[Discussion] Unified research & knowledge management workflow

My current workflow consists of different tools that can’t talk to each other. I think Obsidian could play an integral role in unifying research, knowledge management and learning.


While researching I take web highlights (currently using Weava, other options: Hypothes.is or Memex) to distill the most important parts of an article or a paper and also to leave a trace on every page for when I revisit it.

In order to work with those highlights (modify, expand upon, add own opinion etc) it is important to export them from the browser extension to a PKM tool. I haven’t found any so far that works with Obsidian or exports to markdown. (Weava is working on integrations apparently).

Knowledge management

This is Obsidian’s bread and butter: backlinks, tags, graph view, search, multipane view --> great


To learn effectively, periodic recall is key. Spaced repetition learning is the best tool for the job whether with OG Anki or any of the clones. There’s a great browser extension for Chrome (/ Edge / Brave) called Anki Quick Adder, that allows creating cards to review directly from a webpage by copy pasting into a little pop up. But of course you notice the redundancy: The information you’d wanna learn you already highlighted with your web highlighter and you already copy&pasted into your knowledge management system. Now you have to enter it once more into yet another workflow.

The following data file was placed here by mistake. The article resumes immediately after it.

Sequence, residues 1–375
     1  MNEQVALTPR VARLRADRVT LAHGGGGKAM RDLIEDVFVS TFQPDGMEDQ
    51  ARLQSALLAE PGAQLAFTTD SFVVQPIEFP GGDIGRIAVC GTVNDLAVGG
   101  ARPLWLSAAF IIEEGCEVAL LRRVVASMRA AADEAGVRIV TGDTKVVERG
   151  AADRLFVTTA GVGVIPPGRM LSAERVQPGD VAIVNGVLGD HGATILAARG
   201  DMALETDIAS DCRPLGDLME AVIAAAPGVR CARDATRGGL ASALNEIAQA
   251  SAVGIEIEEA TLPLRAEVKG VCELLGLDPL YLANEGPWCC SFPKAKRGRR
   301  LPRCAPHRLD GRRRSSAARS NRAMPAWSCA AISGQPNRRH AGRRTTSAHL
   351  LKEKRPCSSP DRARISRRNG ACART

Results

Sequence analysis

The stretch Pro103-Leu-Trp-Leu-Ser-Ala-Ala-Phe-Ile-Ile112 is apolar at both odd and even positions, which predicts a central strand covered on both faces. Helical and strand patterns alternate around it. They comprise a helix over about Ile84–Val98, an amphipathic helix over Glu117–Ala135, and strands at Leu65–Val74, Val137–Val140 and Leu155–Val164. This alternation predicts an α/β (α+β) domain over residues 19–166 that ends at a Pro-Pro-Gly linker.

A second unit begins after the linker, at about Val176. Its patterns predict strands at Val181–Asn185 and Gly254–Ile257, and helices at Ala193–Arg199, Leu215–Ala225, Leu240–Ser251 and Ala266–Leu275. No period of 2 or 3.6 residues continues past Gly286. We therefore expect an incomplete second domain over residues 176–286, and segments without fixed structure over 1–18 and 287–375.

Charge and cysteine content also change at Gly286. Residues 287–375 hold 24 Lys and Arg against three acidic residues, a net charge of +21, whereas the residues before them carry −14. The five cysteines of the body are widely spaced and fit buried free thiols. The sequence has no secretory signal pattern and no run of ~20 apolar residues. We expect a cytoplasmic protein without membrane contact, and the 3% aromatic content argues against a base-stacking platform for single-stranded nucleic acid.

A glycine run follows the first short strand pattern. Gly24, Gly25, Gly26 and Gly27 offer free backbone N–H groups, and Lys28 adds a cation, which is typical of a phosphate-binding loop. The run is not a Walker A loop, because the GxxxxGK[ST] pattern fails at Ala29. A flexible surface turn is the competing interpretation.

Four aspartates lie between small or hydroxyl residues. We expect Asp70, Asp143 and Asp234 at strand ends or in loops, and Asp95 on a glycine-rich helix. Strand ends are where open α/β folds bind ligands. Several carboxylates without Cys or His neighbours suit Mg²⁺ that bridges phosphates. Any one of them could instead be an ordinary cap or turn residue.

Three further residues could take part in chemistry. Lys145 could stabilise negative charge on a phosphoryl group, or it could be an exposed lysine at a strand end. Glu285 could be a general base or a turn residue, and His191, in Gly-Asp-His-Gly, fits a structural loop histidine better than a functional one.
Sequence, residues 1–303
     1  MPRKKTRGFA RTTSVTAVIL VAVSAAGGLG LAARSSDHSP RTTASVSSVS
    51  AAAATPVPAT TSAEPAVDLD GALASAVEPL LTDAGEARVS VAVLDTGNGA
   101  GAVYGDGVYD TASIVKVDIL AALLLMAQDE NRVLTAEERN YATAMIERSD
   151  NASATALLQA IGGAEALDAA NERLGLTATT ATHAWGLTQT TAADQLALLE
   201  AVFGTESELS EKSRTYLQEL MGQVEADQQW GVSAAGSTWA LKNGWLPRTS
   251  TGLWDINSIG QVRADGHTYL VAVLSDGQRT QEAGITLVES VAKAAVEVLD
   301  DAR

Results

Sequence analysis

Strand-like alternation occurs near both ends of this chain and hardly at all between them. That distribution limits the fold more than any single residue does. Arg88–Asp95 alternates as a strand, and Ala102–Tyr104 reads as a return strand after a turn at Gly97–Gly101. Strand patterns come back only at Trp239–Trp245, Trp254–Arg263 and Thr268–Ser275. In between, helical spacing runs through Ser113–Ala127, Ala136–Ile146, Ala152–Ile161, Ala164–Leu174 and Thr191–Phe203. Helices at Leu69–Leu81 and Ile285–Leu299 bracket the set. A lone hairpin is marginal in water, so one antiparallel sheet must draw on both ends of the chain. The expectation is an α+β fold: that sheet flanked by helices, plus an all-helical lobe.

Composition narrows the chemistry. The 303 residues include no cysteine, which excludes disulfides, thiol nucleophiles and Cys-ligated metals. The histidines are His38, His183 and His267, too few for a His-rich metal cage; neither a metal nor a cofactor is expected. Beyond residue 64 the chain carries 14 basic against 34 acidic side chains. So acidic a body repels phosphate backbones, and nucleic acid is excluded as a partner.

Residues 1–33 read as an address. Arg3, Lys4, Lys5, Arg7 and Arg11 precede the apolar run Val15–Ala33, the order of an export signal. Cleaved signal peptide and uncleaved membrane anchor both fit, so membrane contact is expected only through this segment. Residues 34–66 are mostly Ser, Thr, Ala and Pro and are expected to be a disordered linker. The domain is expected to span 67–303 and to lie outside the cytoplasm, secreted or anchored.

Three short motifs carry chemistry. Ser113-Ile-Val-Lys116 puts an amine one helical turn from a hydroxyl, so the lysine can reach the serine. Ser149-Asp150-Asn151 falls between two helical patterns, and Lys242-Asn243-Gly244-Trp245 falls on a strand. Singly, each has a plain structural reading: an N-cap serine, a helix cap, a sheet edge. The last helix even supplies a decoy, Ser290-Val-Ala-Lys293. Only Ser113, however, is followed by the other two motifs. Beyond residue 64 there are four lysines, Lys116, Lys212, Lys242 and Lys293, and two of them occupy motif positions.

I think it would be great to avoid this redundancy and be able to feed notes from Obsidian directly into a SLR program to review.

@Pseudonium for example is already working on a plugin:

Vision: Unified research & knowledge management workflow


Move this to knowledge management.
I think memex (natively) and maybe the others can export to md using a chrome extentions.
Also most of the time is just text so you just copy paste.

1 Like

Yeah Memex looks the most promising to me right now, will keep following what they’re doing :slight_smile:

1 Like

Hello Juan,

I’ve found that any workflow needs a point of entry, a universal hub that collects what we gather from different sources, or what we think at any moment.

I love the diagram you made about knowledge management workflow, but I would say that knowledge management is not limited to learn, but also extends into shape new things and organize stuff.

For example I use two other essential (for me) tools,

  1. trello, to maintain the state of micro-projects and 2) the Gingko app (https://gingkoapp.com/), to establish a reading-flow for a book.